AED Buyers Guide
What is an AED?
An AED, or automated external defibrillator, is used to help those experiencing sudden cardiac arrest. It's a sophisticated, yet easy-to-use, medical device that can analyze the heart's rhythm and, if necessary, deliver an electrical shock, or defibrillation, to help the heart re-establish an effective rhythm.
What is SCA?
Sudden cardiac arrest (SCA) is a condition in which the heart suddenly and unexpectedly stops beating. If this happens, blood stops flowing to the brain and other vital organs. SCA usually causes death if it's not treated within minutes. Sudden cardiac arrest is among the leading causes of death in the United States. In fact, more than 350,000 people will suffer a cardiac arrest this year. Currently, the only way to restore a regular heart rhythm during cardiac arrest is to use an AED.
How Effective are AED's?
Extremely effective, especially when compared to CPR without an AED. Depending on which statistics you read and whether the person receiving treatment is in a hospital or not, CPR is only 2%-18% effective. AEDs, by contrast, increase survival rates for victims of sudden cardiac arrest by more than 80% if the person receives treatment within the first three minutes.
Factors to Consider when Buying an AED
- Cost of Ownership
All AEDs have electrode pads and batteries that will expire and need to be replaced. Every AED will have different lengths of expiration and pricing for their respective electrode pads and batteries. When purchasing an AED make sure to factor in these costs and time frames to get an AED that works best for you. To see pricing and life expectancy of an AEDs particular pads or battery click the pads or battery life box on any AED on the comparison chart below.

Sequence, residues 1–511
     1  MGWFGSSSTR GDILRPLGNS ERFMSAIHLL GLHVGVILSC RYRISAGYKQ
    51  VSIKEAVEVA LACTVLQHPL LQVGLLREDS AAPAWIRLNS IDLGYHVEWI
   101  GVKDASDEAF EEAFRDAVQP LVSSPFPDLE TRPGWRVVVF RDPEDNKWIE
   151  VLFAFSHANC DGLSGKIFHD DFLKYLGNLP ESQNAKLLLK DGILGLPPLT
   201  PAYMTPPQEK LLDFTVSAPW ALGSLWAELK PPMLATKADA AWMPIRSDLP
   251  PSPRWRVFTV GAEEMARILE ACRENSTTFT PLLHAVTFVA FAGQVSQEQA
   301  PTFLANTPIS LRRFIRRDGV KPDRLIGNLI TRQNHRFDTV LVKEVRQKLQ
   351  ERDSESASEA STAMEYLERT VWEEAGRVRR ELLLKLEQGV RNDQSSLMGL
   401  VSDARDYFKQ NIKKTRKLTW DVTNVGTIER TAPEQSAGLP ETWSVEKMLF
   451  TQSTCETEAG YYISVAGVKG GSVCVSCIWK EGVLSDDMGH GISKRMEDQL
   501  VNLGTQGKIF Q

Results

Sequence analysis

- Semi Automatic and Automatic AEDs
Another factor to consider would be whether you would want a semi automatic AED or a fully automatic AED. All AEDs will have a semi automatic model but some manufacturers will have an automatic model available as well. The semi automatic and automatic AEDs will have the same functionality but the only difference will be when the AED determines a patient will need a shock. The semi automatic AED will prompt the user to press the shock button to deliver therapy and the automatic model will shock the patient without the need of pressing a button. You can click on the shock type box of any AED below on the comparison chart for more information.
- IP Rating
The IP Rating of an AED is also an important factor when purchasing an AED. The IP Rating of an AED determines how well the AED can keep out foreign contaminates such as solids or liquids. If the AED you are purchasing will be in a damp or dusty environment it might be more worthwhile to purchase an AED better suited for one of those environments. For more info and an IP Rating chart click on the IP Rating of any AED below on the comparison chart.
- New VS Recertified
AED Market sells all AED models in both new and recertified versions. A New AED will be a brand new unit directly from the manufacturer with the manufacturers warranty. A recertified AED will be an AED that has been tested by trained biomedical technicians to make sure the AED still meets or exceeds the standards set for the AED. The warranty for the recertified AEDs will be from AED Market. Theses AEDs are still current models that are being manufactured. The biggest difference between a new and recertified unit is going to be the warranty and the price. If you can not afford to purchase a new AED than a recertified option might be the choice for you. To see our recertification process you can click here and to compare pricing between a new and recertified AED check out the pricing in red on the comparison chart below.